Continuing my discussion on how RPGs represent success, and how to achieve that success, lets dig into some other, stranger games.
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Ah Numenera…you are wonderful. A very new game, built on very old ideas. Numenera takes a lot of the tropes of fantasy, but sets them 1 billion years in the future, where technology is so advanced as to seem like magic.
In this new world, the entire game is built around the idea of exploring a strange and incomprehensible landscape. An entire field of glass flowers, floating spheres of metal, cities built upon gigantic gears, or a huge machine that generates crystal clear water from no where.
Discovering and exploring all of these things is the main way to gain XP; rather than combat or accomplishment. And even XP is not solely for advancement. XP can be spent to adjust rolls, add skills, or gain temporary bonuses; for example, when you get to a new area, you can say “I’ve been here before, and I know a guy who can help us find information” and spend 3 XP. This flexibility and alternate use of XP encourages players to adjust circumstances and “barter” with the GM to have a better game.
There are only 6 levels of advancement, and they aren’t that far apart. Not on the same strata as DnD, Numenera levels are more of a way to expand your character’s capabilities, than their inherent level of power. So, in Numenera, “the good life” is exploration and discovery, and the mechanics use XP as way to entice players and make that the focus.
Everyone is John
Everyone is John is going to be a little weird, because the mechanics are really simple…I mean, they only fit on one page! The idea of the game is that you all play different voices in John’s head. The result is a really wacky, ultimately short term game.
The mechanics re-enforce the madness by limiting how long a player can maintain control of John, and encouraging a diverse range goals and activities. The “good life” sold by this game is a series of crazy stories and hijinx; which the mechanics encourage by alternating narrative control and limiting John from doing the same thing for too long.
What started as a challenge soon became an enjoyable game that I’m pretty proud of. I love how Survival World streamlines player choice, where every action either has a consequence, a success, or something in between. There is no simple failure to accomplish a task; on a bad roll, something horrible ALWAYS happens.
I wanted to see if I could adapt that mechanic to something a little more dangerous; creating a survival, horror game that did not need very many enemies to be deadly. The end result was a game where every action has the risk of making a player more injured, and that much closer to death, constantly fluctuating between death and life.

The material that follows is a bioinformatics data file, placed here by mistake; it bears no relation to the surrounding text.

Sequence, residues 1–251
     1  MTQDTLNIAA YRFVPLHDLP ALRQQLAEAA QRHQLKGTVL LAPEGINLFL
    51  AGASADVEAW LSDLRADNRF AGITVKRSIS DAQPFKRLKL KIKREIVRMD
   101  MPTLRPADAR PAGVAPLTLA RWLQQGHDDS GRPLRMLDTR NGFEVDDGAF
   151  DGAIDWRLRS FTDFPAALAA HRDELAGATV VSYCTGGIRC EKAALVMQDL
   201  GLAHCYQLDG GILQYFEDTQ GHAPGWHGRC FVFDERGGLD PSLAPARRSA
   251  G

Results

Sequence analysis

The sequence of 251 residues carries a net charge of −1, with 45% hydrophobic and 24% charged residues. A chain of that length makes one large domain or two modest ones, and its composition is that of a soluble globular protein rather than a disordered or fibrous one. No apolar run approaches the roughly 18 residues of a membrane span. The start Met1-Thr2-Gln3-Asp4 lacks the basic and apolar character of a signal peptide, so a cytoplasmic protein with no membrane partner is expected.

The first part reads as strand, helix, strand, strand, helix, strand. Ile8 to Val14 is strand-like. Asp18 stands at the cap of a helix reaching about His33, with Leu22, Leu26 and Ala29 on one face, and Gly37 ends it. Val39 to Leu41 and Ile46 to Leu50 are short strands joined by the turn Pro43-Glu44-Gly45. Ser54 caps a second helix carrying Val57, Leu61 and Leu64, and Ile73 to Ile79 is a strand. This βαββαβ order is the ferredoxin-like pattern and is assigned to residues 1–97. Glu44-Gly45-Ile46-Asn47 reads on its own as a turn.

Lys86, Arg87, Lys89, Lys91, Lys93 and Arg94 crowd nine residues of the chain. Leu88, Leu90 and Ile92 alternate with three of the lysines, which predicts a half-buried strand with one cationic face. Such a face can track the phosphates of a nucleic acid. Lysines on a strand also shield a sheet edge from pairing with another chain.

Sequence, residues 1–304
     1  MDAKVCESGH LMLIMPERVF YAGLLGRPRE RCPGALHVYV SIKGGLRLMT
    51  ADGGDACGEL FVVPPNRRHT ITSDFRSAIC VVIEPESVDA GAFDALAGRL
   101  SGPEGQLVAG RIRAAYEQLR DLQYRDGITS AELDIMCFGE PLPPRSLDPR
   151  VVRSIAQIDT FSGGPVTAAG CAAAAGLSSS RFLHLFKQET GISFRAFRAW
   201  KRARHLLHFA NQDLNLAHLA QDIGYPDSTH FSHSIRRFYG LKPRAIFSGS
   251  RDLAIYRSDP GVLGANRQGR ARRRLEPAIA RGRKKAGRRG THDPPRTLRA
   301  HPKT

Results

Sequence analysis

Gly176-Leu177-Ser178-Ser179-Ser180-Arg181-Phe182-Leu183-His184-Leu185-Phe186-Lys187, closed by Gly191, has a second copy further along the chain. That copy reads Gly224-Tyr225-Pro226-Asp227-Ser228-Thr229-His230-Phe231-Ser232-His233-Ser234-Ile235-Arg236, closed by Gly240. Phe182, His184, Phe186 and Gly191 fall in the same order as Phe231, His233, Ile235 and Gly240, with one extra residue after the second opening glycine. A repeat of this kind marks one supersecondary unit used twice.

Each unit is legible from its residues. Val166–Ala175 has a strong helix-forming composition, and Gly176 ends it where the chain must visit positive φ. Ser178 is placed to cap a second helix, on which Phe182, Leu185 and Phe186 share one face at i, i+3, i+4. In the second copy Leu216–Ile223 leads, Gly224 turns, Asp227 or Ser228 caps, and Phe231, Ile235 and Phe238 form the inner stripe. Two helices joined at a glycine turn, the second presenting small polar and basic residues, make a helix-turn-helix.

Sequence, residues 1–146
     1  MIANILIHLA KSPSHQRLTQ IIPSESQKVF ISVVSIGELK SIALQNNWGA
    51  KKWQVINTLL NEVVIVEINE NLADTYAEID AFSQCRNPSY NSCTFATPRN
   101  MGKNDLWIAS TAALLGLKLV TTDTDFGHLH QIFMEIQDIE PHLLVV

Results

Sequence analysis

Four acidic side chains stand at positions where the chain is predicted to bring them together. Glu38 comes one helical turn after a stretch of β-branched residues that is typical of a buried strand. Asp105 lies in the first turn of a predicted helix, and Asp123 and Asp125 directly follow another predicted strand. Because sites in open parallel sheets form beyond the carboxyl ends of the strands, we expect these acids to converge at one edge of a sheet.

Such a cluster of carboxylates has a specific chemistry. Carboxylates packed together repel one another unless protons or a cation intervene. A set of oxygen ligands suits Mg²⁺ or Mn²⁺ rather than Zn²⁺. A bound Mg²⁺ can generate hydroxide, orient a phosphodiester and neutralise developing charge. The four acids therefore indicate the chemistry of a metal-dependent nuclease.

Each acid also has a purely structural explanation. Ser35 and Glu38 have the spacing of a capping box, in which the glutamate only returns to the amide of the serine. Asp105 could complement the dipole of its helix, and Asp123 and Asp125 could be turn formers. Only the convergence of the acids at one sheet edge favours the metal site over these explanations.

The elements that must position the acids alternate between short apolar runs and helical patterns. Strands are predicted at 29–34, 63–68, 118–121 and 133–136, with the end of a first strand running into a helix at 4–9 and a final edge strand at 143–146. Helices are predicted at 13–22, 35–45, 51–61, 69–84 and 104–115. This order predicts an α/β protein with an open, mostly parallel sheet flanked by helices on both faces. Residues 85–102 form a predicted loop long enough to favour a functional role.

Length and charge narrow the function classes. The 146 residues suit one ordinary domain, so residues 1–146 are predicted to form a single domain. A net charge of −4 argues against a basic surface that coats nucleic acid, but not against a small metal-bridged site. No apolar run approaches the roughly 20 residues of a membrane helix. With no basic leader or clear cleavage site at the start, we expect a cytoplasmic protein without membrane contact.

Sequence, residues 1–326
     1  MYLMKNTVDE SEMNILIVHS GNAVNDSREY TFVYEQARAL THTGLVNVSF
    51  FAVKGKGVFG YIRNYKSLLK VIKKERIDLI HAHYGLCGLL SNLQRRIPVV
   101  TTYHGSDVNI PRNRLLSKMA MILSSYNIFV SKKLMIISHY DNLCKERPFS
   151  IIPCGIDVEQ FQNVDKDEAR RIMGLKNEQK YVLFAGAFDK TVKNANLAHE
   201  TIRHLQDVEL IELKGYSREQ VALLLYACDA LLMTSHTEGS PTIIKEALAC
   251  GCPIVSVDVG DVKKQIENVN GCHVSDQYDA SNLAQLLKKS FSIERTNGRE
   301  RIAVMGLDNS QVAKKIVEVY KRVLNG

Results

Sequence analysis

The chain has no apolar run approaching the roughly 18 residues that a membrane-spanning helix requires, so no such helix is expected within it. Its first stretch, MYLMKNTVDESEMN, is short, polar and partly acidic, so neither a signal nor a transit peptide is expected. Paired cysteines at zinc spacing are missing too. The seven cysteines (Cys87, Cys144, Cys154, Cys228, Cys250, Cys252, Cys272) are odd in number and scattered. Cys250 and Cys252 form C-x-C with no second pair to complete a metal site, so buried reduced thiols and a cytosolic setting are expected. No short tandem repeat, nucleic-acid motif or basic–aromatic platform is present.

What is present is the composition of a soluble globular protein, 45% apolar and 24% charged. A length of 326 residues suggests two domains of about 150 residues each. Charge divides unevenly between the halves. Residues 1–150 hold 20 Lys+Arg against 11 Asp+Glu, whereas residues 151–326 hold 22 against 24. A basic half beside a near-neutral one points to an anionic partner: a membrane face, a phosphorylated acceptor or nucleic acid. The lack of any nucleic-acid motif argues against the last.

Success in this game is rather grim. I designed to be a short, single-adventure game, with death being the most likely result for most games. Thus, success isn’t about surviving, but about surviving as long as possible, and fighting against entropy. The way to accomplish this is to be careful, take things slowly, and pay close attention to your body and its parts. Normally, caution kills adventure; but in the scope of this game, the mechanics are your enemy, and fighting them is how you achieve success.
Welcome Minions is a pretty short, focused party game designed to create a night of friendly bickering and insane competition.
The result is a game that frames success as a night of strange plans, and lots of scheming and vying for control. The mechanics re-enforce this idea in a similar way as Everyone is John, but with the ability to control and manipulate who is leader. Not everyone will get a turn, and in fact, there is a lot of freedom for players to support whoever they like; potentially creating a very real bias and group conflict.
The lighthearted tone should keep things from becoming too serious or spiteful. Success is having a fun night of crazy plans and silly backstabbing.
Hey, this is written to you: The reader. Thanks for reading this little series, I’ve got enough material here for about 2-3 more posts about different games and their drives. BUT! I need some feedback from you. I will continue writing this series if you comment below, and tell me what you like, what you don’t like, and what you want to see more of. If I don’t hear anything back, then this series will be shelved in order to explore something else. Your feedback drives my writing; I’d love to hear from you!